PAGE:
The two tracks share core courses in Strategic Management and Business Policy, Research Methodology, Legal and Ethical Fundamentals of Healthcare. With the administrative track, you’ll study Human Resource Management in Health Professions, Health Resources and Policy Analysis, Health Informatics and Technology Management, an internship, and a thesis. In the educational program, courses Critical Thinking Strategies in Higher Education, Curriculum Development and Evaluation, and thesis as well as an internship. Classes meet ONLY two Saturdays each semester along with weekly online requirements.
To be considered for admission, you’ll need a bachelor’s degree, be credentialed by one of four radiologic registries, and complete an online application (with a $48 fee). A statement of purpose, academic transcripts, three letters of recommendation, and a resume. You’ll meet with the Admissions Review Committee once all documents have been submitted.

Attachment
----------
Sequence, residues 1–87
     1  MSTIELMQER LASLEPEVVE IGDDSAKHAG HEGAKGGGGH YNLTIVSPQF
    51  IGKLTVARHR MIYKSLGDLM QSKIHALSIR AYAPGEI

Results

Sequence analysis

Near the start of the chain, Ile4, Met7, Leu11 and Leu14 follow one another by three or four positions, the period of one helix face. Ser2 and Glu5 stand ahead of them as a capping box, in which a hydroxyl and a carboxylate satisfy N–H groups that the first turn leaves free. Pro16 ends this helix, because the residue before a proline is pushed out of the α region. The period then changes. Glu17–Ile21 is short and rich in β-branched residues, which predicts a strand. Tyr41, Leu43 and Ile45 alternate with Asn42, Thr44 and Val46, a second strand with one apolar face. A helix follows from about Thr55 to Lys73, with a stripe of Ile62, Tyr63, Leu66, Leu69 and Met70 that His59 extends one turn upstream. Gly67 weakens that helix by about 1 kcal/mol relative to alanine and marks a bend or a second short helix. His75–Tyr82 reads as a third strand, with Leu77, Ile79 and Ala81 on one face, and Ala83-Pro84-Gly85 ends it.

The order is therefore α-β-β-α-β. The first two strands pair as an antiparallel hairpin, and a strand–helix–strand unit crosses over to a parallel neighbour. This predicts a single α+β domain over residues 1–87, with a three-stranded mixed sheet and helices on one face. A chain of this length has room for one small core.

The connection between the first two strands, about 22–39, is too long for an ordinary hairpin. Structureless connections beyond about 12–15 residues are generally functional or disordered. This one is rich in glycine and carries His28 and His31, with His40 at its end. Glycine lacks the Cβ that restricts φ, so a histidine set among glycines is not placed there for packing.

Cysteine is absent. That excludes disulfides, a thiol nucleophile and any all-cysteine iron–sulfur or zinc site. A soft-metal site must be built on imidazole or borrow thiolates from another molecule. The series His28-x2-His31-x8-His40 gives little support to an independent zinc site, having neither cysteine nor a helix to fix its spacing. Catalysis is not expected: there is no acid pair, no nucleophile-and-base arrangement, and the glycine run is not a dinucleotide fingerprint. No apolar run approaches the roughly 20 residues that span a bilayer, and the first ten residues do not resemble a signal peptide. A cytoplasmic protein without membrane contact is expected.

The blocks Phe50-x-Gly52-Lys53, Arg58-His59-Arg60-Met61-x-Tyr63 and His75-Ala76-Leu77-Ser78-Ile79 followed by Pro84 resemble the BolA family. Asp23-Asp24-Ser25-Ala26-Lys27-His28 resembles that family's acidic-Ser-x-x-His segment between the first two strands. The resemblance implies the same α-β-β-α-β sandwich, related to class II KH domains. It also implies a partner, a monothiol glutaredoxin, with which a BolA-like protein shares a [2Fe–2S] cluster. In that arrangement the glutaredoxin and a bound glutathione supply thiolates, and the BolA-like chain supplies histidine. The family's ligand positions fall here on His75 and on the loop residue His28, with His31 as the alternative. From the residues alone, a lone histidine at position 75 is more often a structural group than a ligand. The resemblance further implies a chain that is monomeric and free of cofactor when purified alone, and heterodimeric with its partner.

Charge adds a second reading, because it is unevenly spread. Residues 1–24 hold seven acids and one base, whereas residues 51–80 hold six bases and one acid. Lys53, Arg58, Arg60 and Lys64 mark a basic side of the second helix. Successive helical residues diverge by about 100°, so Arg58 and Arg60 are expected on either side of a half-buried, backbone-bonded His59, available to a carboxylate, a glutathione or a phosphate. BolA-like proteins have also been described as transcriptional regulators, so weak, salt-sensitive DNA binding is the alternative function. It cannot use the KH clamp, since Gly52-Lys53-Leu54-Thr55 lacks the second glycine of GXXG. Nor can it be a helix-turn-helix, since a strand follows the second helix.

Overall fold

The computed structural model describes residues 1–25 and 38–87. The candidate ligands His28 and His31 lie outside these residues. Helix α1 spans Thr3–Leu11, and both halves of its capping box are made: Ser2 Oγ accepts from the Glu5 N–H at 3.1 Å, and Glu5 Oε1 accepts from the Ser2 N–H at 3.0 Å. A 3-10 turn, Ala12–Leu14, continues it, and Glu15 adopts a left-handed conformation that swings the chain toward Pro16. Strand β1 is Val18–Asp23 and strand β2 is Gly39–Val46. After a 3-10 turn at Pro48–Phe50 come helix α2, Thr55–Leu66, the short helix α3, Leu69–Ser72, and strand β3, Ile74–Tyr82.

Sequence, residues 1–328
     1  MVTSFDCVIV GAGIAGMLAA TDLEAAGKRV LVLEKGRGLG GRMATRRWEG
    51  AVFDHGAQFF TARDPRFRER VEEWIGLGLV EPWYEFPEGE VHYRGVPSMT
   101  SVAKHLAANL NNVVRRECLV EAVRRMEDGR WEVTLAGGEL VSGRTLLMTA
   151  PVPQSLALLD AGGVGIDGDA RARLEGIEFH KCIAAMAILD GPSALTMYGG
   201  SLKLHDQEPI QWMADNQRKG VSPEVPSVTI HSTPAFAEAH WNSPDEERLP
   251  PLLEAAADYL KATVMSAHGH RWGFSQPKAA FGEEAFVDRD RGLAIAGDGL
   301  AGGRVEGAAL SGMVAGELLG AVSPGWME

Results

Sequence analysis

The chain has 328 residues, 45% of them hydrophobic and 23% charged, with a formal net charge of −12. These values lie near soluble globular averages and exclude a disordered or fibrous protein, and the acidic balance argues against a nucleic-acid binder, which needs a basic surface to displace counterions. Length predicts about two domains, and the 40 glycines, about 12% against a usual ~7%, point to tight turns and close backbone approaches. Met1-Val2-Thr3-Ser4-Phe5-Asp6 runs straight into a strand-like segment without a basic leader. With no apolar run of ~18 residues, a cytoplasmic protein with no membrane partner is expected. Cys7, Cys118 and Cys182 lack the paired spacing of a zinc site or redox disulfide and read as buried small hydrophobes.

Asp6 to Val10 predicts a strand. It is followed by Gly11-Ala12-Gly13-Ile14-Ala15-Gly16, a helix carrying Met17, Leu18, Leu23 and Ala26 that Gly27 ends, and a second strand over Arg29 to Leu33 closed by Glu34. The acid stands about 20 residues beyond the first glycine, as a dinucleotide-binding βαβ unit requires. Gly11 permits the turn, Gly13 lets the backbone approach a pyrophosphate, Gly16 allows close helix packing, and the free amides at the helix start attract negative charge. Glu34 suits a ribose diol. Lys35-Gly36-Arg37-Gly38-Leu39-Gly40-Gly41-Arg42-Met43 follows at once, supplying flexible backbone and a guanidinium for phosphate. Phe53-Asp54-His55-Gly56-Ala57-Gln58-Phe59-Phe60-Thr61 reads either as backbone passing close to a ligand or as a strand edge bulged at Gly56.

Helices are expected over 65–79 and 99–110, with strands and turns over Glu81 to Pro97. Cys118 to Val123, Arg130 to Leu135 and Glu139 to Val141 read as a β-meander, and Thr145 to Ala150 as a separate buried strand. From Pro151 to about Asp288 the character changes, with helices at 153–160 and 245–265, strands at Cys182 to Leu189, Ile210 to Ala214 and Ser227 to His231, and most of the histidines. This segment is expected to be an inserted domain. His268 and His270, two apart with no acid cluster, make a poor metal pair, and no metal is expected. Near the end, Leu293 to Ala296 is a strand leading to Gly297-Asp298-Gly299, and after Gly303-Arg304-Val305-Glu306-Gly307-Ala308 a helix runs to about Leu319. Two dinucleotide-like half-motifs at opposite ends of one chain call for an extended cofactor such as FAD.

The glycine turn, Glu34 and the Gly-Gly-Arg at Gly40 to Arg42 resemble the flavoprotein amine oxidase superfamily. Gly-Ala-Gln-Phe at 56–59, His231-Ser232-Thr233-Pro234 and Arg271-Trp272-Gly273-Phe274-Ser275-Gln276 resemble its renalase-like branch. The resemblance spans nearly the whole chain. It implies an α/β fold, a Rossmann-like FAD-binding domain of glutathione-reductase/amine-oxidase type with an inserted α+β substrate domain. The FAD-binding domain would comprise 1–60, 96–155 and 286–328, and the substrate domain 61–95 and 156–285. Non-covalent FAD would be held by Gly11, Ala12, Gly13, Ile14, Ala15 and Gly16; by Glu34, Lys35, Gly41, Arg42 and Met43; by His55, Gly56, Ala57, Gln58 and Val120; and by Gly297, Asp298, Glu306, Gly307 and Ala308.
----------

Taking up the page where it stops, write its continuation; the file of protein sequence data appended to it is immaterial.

Estimated Tuition Cost: $1,600-$6,500/per six semester hours
Fast Fact: M.D. Anderson is recognized by U.S. News and World Report as the #1 cancer center in the country
2. University of Southern California
Here’s an online M.S. in Medical Device and Diagnostic Engineering degree with a focus on the creation of medical devices and medical techniques.
The 26 credit hour curriculum includes core studies in biomedical systems, studies of the nervous system, engineering quality management, product safety, and technology development. You’ll be able to choose from three tracks in regulation, product development, and medical technology. It’s this last track that includes studies in ultrasound imaging, neural implants, applied electrophysiology, and biomedical and nanotechnology. You can complete this degree in three semesters of full-time study.